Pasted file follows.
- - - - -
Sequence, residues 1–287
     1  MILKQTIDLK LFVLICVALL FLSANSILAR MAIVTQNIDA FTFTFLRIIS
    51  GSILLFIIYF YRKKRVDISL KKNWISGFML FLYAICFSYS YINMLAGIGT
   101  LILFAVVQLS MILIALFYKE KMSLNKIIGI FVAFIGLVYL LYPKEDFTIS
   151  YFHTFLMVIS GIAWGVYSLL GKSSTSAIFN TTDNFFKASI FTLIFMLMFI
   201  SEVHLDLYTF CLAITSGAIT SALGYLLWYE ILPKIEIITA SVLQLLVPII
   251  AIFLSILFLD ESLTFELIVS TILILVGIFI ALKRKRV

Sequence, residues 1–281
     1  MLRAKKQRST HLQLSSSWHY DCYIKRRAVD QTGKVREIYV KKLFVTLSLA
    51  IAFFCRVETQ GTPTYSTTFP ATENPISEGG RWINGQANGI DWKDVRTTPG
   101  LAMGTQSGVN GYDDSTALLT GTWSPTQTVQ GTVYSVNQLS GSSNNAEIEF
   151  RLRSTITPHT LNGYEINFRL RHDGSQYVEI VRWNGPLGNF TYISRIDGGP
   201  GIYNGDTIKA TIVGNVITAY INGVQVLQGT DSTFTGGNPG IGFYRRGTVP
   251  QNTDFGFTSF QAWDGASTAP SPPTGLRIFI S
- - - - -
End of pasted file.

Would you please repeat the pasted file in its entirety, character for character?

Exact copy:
Sequence, residues 1–287
     1  MILKQTIDLK LFVLICVALL FLSANSILAR MAIVTQNIDA FTFTFLRIIS
    51  GSILLFIIYF YRKKRVDISL KKNWISGFML FLYAICFSYS YINMLAGIGT
   101  LILFAVVQLS MILIALFYKE KMSLNKIIGI FVAFIGLVYL LYPKEDFTIS
   151  YFHTFLMVIS GIAWGVYSLL GKSSTSAIFN TTDNFFKASI FTLIFMLMFI
   201  SEVHLDLYTF CLAITSGAIT SALGYLLWYE ILPKIEIITA SVLQLLVPII
   251  AIFLSILFLD ESLTFELIVS TILILVGIFI ALKRKRV

Sequence, residues 1–281
     1  MLRAKKQRST HLQLSSSWHY DCYIKRRAVD QTGKVREIYV KKLFVTLSLA
    51  IAFFCRVETQ GTPTYSTTFP ATENPISEGG RWINGQANGI DWKDVRTTPG
   101  LAMGTQSGVN GYDDSTALLT GTWSPTQTVQ GTVYSVNQLS GSSNNAEIEF
   151  RLRSTITPHT LNGYEINFRL RHDGSQYVEI VRWNGPLGNF TYISRIDGGP
   201  GIYNGDTIKA TIVGNVITAY INGVQVLQGT DSTFTGGNPG IGFYRRGTVP
   251  QNTDFGFTSF QAWDGASTAP SPPTGLRIFI S